What’s in QBO Advanced—and What’s Not

QBO Advanced provides growing businesses with:

  • Deeper insights into more data. By aggregating data across the QuickBooks user base, Intuit can draw on billions of data points from millions of QuickBooks customers. This data fuels AI and machine learning algorithms to help customers benchmark and create things such as more competitive and profitable pricing, salary, and contract rates. Intuit is also partnering with Fathom to provide QBO Advanced customers with capabilities for dynamic, custom reports. advanced analytics, and deeper insights.
  • More personalized services. Priority Circle Service provides a dedicated customer success manager to QBO Advanced customers with product and technical questions, and to help them get more value from the solution. Customers also get five annual training seats, and support via a Priority Queue that bumps them to the head of the line when problems arise.
  • Additional functionality: New capabilities include custom user permissions, which enable much finer management of roles, permissions and features and data access than QBO. Advanced users can do more things at scale—such as importing hundreds of invoices into QuickBooks from other applications.

What QBO Advanced doesn’t include are applications that are standard in many midmarket ERP systems, such as inventory management, ecommerce and bill pay. However, there are 5,000 apps in Intuit’s developer ecosystem, 600 of which are published apps on Apps.com and integrate with QBO and QBO Advanced.


Brad Smith has guided Intuit through what has arguably been the most tumultuous time in the history of business technology. He has successfully transitioned the iconic small business brand from the desktop to the cloud, and charted new technology and solution directions to lead Intuit into the future.

Intuit’s approach to AI and ML-powered technologies and services offers small businesses a pragmatic, yet powerful way to put these technologies to work for their businesses. As important, Intuit can draw on billions of aggregated, anonymous data sources from millions of QuickBooks customers, customers to inform and power these services and initiatives.

Meanwhile, now that QBO is Intuit’s flagship small business solution, the vendor needs to keep more QBO customers in its fold, even as they grow. Although QBO Advanced is not the best fit for hyper-growth companies, it should be an attractive option for many small businesses who have hit the wall with QBO. These businesses need to automate more of their processes, get better insights for decision-making, and perhaps even change their business models. But many don’t have the budget, time or appetite needed to migrate to a completely new solution. QBO Advanced offers them a way to get more of the functionality and intelligence they need, without having to make an entirely new investment,

Furthermore, Intuit already has a good track record of moving customers up in the on-premises space. In fact, even though QuickBooks Desktop sales dropped by 5% in first-quarter fiscal 2019, QuickBooks Desktop Enterprise customers grew at a double-digit pace. QBO Advanced should afford Intuit the same opportunity to keep growing QBO customers on board.

© SMB Group

Source: Laurie McCabe’s Blog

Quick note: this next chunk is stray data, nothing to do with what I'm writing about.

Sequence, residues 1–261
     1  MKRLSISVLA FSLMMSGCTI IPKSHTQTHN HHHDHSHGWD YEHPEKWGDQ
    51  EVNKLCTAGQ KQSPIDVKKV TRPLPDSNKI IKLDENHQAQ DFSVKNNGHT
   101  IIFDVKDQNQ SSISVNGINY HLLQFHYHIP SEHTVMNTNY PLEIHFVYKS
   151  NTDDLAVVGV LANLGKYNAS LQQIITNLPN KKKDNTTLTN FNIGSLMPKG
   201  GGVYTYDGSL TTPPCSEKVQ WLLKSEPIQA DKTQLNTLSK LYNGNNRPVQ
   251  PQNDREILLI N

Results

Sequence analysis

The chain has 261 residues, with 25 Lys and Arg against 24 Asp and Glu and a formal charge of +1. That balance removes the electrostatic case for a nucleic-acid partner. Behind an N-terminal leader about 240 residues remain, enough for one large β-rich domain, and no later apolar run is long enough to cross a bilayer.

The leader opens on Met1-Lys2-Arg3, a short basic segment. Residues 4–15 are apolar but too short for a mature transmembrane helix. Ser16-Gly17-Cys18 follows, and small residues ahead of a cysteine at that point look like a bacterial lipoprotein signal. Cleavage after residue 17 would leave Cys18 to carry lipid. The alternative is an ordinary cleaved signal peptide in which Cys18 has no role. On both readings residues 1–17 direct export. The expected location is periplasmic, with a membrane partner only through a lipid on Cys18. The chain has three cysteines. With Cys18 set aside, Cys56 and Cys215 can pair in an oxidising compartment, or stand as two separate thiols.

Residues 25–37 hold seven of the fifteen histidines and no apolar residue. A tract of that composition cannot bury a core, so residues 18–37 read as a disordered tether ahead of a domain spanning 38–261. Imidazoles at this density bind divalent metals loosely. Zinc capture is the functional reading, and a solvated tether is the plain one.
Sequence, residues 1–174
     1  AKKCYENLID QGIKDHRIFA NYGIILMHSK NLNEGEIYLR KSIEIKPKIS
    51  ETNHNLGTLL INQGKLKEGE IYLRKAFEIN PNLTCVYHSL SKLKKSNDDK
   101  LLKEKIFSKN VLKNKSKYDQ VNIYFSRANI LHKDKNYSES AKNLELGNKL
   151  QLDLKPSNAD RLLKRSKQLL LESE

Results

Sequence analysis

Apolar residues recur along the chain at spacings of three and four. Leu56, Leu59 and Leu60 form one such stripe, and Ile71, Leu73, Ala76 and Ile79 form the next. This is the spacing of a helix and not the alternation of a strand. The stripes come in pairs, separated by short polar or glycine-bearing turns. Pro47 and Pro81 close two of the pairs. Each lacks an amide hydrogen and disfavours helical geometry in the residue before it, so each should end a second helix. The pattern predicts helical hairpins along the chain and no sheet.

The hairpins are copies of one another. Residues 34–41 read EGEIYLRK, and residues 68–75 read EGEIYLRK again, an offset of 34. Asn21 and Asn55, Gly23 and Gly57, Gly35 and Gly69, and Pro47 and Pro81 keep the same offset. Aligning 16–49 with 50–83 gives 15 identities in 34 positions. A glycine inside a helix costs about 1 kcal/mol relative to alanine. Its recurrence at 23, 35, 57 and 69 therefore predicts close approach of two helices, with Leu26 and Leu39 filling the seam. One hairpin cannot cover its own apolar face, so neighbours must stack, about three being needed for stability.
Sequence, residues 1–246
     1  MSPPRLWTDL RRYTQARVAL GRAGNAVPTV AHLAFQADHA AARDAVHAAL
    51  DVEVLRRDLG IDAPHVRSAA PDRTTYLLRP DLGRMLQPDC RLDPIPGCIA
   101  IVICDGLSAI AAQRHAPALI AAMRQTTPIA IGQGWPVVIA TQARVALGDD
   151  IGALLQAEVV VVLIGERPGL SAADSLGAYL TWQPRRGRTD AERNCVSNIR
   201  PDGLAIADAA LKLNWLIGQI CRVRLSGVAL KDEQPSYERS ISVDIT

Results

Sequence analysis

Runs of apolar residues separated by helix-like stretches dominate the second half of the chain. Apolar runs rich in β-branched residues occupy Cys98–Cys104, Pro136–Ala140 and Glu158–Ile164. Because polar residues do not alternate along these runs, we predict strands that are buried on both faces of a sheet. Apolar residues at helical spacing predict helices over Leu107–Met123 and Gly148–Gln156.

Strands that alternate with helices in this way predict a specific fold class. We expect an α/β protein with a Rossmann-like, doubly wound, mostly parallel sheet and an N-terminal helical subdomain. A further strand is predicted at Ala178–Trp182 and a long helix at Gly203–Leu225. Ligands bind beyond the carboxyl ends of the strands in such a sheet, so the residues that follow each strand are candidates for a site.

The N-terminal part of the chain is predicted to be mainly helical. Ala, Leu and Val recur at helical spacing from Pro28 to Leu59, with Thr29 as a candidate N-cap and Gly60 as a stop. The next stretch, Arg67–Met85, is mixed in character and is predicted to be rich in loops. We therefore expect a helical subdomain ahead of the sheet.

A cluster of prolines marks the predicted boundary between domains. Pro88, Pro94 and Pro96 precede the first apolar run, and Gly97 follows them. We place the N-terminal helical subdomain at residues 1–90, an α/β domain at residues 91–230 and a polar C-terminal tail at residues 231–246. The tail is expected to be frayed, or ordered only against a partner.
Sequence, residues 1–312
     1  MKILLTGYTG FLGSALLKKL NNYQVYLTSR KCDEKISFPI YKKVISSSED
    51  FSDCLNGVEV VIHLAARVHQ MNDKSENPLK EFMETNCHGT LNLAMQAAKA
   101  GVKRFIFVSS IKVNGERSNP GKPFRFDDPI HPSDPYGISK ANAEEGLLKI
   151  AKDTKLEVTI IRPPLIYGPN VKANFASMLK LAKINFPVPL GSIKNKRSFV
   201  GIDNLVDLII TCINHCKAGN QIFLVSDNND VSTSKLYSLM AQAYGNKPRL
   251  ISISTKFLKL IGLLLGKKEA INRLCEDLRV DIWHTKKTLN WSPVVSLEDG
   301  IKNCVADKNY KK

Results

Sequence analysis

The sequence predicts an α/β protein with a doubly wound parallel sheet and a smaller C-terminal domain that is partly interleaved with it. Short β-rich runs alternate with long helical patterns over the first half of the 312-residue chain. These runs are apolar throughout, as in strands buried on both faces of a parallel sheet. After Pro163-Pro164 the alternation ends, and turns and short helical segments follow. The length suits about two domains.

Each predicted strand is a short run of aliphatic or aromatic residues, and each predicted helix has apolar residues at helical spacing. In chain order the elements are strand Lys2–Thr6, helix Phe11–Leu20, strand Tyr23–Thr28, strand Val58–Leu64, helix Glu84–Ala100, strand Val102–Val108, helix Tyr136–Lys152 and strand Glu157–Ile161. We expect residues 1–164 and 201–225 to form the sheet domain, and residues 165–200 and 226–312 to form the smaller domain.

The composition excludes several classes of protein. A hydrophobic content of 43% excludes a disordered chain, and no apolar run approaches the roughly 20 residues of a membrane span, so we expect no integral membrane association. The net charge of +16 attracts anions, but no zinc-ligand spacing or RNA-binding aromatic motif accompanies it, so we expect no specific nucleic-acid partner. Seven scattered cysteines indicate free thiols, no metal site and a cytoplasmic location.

Beyond the Basics: Why It May be Time to Upgrade Your Company’s PCs and Laptops

Seeking growth is a business constant for small and medium businesses (SMBs). However, the means to achieve this goal is changing. Today’s SMBs know that they need to put technology to work to help the achieve top business goals—such as attracting new customers, improving employee productivity and streamlining operations.


If you want your business to survive and thrive, you need to use technology improve the way you do things, and to create new and better ways of doing them.

Do Your Employees Have the Devices They Need to Help the Business Work Smarter?

But, if it’s been more than a couple of years since you’ve updated your employees’ PCs and laptops, the odds are high that these old devices may no longer be able to keep up with today’s always-on world—and may actually create a drag on your business.

If seems like it takes longer and longer for employees to boot up, get work done or watch training videos, it’s not your imagination. According to Moore s Law, computer power doubles every year. That means that four-year PCs are likely to be up to 200 percent less powerful than the latest generation. In fact, according to a recent J. Gold study, PCs that are five years old decrease employee productivity by 29%.

Of course, new PCs offer faster program loads and boot time, but they also provide you with up to 1.9 times better web performance versus a five-year old PC. * These performance improvements help employees to get more work done, more quickly and with less friction.

Beyond Performance—Benefits of Upgrading Your PCs

The performance benefits of upgrading are clear. But if you haven’t shopped for new PCs lately, you may be surprised to learn that today’s PCs offer many other new capabilities to help boost employee productivity and improve security.

  • Productivity boosts with Windows 10. Sticking with old PCs means you can’t take advantage of new software that can give your business an edge. If your old PCs can’t run Windows 10, you’re missing out on great new productivity advancements to help get things done more easily and with fewer distractions. For instance, nearby sharing lets you share files and links with users on nearby PCs; and focus assist allows you to control the settings to specify when, what and who you want to get notifications and alarms from.